So just make the two NPC the way it makes sense in your story and in your mind. The fact they are in love with each other will make them gay, not a beard or daddy issues :joy:

3 Likes

yeah pretty much…

There are many stereotypes outta there .

Y’know what I do to stereotype ? They piss me off…so I crush them in my story :sweat_smile:

exemples of stereotype…would be like : Making a couple where their greatest and only quality…is the dynamic in there . One is submissive…and one is dominant . Or the term ‘that one is the one who wear pants!’’ …whatever tha heck that mean (often used with females- lesbian and hetero ‘‘seem like the wife is the one who wear pants in the house!’’) .

as far as I know , there is no magic trick . Just how you see your characters , they will grow and change with the story .

4 Likes

First of all, I appreciate you writing a gay couple in a prominent place in your story, and also making this thread to ask for input.

I would say, generally speaking, the biggest advice will be “you can write their relationship much as you would write a hetero one”; love is love no matter what, and every relationship will be different, just as all humans are, but you can write this as follows from who the characters are. But, sure, there are some things that are good to be aware of.

Context: I am another gay guy; also summoning my boyfriend, @ParrotWatcher, who tends to have a lot of useful thoughts about gay representation and suchforth :blush: He also has options about Greek myth, which may or may not come in handy :thinking:

I’d also note, there have been a lot of threads about similar topics in the past. (You could just do a forum search for the word “gay,” really :thinking:) I would particularly recommend looking at same sex relationships as probably the most directly relevant to your interests here. (It’s more about writing relationships that the main character is in, but there should still be pertinent stuff.) That thread did include a post in which I talked about a few ways that being gay can affect romance in ways that aren’t just based on society, but I don’t really see any of these coming up in your example.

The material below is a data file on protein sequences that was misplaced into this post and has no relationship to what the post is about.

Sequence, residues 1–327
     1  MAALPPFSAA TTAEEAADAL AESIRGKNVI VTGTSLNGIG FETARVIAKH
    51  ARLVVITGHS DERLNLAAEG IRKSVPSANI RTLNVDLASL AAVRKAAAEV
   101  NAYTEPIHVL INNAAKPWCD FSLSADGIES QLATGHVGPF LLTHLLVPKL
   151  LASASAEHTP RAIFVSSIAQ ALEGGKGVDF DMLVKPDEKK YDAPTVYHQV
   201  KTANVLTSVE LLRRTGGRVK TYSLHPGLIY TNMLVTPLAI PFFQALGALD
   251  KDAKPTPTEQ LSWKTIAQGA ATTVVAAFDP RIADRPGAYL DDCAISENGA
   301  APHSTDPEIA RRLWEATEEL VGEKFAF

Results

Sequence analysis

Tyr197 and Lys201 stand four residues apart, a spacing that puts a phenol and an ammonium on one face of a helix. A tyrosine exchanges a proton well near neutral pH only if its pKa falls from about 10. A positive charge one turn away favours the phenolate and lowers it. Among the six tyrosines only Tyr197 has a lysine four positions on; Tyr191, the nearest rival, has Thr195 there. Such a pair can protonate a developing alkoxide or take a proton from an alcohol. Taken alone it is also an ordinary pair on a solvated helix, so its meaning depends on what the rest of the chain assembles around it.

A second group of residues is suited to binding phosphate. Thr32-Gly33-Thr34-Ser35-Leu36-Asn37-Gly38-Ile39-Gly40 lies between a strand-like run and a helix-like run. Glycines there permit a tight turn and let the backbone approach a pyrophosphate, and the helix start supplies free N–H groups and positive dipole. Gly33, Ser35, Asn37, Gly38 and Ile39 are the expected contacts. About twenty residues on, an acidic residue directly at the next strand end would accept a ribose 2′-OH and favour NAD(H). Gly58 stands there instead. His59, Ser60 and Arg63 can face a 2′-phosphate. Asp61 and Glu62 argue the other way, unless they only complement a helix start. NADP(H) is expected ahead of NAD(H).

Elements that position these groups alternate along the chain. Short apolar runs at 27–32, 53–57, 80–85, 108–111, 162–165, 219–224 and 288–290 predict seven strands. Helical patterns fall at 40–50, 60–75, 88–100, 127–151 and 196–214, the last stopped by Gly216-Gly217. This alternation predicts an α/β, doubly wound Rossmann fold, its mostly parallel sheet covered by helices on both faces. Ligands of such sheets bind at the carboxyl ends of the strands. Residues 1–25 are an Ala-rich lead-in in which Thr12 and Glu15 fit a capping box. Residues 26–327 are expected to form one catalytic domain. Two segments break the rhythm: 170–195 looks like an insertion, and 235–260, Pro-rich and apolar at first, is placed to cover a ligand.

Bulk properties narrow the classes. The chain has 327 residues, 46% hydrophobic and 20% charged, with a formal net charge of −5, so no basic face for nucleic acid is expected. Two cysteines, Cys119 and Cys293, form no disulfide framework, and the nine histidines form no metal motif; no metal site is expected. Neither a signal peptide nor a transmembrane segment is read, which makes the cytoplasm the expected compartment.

So, these basic descriptions are fine, but one thing to be aware of is that depictions of gay relationships do often fall into portraying one as “the man of the relationship” and the other as “the woman,” which is pretty reductive even for hetero relationships (people don’t fit pigeonholes) and especially so when they’re literally both “the man.” So while you certainly can have one be more burly and one more fluid, just be aware that this won’t necessarily translate into every other aspect of their personalities and relationship dynamics. For example, maybe Hercules is the one who hangs around the kitchen in an apron.
(Like, I mean… I expect people would generally consider @ParrotWatcher a fair bit more masculine than me, but he’s also the shyer of us two, and sometimes I feel rather protective, etc. :thinking:)

There can be a tendency for depictions of gay men to either make us all really stereotypically feminine, or go so far in avoiding it that any feminine characteristics are completely pushed aside, so it can be quite nice to depict a bit of both as you would be in this case. I’d just advise not exaggerating it too much; most people have a lot of traits that aren’t too strongly related to how masculine or feminine they are, just various other quirks or interests, so those are always good ways to characterize someone. I guess, just don’t try too hard :sweat_smile:
(Describing them as going for polar opposites in masculinity feels like pushing them a bit much into being types.)

Now, for these guys in particular, also… I mean, it is Hercules you’re talking about, so I would expect him to be a pretty significantly musclebound he-man type anyway :muscle::triumph: That’s something you can write just the same with him in a gay relationship as a straight one.

I’m not sure I understand what this means… could you explain? :confused: (I haven’t read Snicket.)

9 Likes

Your comments have been very helpful. I’ll definitely try to make it more nuanced!

I’ve already made some changes in what I plan to do going forward, but to answer your specific question about Lemony Snicket, this article could be helpful:

I believe when he references Snicket portraying Sir and Charles as partners he means as business associates who’s relationship is not overt.

This. As a bi guy, I tend to find that relationships are pretty similar regardless of gender (aside from the obvious sexy bits :sunglasses: ). Just make them people; there’s no need for an ultra masculine / feminine dynamic. That said, I really like the idea for these characters. Can’t wait to read what you come up with!

Edited for clarification: There’s nothing wrong with the more stereotypical masculine/feminine gay dynamic. I mean, it does happen. Frequently. But if that’s how these characters are, just remember that they’re people beyond those stereotypes is all. Maybe just don’t make Philoctetes too swishy? lol

1 Like